The Open Lab group is an Interaction Design and Collaborative Technologies research group with specific expertise in Human-Centred Design and Ubiquitous Computing. The group has a world-leading reputation for pioneering and developing the subfield of Human-Computer Interaction (HCI). This area is known as Digital Civics.

The Scalable group is renowned for tackling research challenges in High Performance Systems, Data Science, and ML. The Secure and Resilient Systems (SRS) group is recognised internationally for its research contributions to creating:

  • modern information systems
  • networks and infrastructures that are dependable and secure

Projects and funding

Integration into University structures

The School of Computing will lead work to establish two new NU Centres of Research Excellence (NUCoREs). These centres are Autonomous Systems and Cyber Security. They will target the NUAcT scheme with a discipline-oriented recruitment campaign.

To further encourage diversity in our PhD cohort, we will set up a new funding scheme. This will be for the best international students to complement the top-quality UK students recruited via CDTs. This means there will be collaborations crossing established boundaries. This is evidenced by our submitted research outputs which describe:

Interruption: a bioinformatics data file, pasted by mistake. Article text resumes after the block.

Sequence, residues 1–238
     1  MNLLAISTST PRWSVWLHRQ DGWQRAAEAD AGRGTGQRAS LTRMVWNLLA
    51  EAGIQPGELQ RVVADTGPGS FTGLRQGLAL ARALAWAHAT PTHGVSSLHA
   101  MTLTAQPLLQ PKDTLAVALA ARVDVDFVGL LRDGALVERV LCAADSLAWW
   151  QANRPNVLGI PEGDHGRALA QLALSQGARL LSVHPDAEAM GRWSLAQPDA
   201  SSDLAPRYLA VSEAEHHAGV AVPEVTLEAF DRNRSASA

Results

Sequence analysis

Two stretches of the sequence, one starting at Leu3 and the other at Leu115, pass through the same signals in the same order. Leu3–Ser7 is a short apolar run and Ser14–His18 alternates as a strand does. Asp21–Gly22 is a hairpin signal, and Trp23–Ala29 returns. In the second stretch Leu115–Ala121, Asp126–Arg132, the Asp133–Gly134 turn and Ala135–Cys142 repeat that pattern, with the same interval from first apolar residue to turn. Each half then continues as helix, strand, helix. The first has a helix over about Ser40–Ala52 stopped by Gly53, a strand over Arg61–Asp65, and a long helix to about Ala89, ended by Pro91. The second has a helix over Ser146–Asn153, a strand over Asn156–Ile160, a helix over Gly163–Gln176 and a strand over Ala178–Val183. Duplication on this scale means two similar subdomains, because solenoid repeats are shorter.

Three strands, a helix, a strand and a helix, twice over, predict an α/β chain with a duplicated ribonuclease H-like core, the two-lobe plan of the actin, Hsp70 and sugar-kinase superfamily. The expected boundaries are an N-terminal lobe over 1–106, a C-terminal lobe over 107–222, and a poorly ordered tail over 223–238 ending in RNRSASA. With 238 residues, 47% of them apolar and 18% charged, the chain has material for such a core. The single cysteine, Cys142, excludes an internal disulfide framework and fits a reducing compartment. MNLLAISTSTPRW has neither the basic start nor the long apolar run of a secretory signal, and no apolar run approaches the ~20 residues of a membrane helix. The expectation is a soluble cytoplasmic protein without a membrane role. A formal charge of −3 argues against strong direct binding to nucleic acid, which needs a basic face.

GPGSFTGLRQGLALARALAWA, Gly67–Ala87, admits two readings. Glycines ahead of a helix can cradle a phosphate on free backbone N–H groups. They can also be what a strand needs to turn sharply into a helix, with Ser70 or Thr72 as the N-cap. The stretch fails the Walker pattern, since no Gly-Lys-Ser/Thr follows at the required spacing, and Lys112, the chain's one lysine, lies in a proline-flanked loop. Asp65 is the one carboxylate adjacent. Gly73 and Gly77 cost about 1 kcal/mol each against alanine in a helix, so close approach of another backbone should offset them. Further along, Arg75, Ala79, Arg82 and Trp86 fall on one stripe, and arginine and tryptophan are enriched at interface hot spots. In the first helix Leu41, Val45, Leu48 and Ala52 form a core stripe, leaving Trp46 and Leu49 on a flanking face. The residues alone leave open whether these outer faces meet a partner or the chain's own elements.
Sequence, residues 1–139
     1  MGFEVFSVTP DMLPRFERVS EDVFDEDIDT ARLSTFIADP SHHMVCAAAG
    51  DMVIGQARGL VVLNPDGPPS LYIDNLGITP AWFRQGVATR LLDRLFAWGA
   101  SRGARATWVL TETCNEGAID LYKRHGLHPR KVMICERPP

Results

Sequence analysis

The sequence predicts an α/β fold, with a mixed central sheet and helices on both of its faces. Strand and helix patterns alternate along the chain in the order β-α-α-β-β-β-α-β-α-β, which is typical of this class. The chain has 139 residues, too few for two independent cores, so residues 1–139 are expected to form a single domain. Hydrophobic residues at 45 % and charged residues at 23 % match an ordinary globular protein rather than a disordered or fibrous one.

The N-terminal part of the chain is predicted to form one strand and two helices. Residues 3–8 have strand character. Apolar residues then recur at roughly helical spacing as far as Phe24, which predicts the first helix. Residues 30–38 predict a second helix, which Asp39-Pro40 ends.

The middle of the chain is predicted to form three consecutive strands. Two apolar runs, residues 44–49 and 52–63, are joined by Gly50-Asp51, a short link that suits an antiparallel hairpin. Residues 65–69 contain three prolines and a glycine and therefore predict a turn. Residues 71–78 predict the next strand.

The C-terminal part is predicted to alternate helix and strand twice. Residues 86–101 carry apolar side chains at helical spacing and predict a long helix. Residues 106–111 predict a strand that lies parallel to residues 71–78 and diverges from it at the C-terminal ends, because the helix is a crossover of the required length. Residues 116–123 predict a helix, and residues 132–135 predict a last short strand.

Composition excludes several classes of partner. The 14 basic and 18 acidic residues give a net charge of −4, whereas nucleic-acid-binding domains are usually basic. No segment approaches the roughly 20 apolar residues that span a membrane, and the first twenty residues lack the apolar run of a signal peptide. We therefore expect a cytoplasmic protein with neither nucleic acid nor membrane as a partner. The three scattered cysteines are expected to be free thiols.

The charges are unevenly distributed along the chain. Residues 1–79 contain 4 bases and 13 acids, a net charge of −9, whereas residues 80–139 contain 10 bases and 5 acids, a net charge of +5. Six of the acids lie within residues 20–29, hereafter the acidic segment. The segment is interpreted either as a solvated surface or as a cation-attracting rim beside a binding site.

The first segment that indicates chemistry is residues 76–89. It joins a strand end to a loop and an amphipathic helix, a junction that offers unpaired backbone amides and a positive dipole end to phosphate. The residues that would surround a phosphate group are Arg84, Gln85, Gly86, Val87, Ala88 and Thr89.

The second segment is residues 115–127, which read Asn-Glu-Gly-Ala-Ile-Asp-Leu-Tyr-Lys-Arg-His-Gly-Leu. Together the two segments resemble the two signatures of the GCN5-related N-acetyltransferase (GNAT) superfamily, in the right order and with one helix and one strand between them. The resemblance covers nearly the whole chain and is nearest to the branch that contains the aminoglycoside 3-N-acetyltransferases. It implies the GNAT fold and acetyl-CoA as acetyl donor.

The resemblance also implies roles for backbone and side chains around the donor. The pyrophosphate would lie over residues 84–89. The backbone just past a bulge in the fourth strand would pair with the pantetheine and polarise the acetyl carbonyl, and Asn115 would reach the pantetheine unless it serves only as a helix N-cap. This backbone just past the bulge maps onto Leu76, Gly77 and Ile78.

• collaborations with other disciplines. These include biology, electronic engineering, social sciences, medicine, and media
  • international collaborations on over 61% of outputs
  • collaborations with industry, e.g., GlaxoSmithKline, Merck, Illumina Inc., Dialog Semiconductor, InlecomSystems, Thales E-Security, and Microsoft Research

Focuses of impact, innovation, engagement and knowledge exchange

Our strategic approach to impact aims to integrate impact systematically in all stages of research. The approach is:

  • user-centric in that it encourages the development of deep relationships with key users
  • open by encouraging commitment to open systems, platforms, tool development and standards
  • collaborative using institutional vehicles to foster multidisciplinary research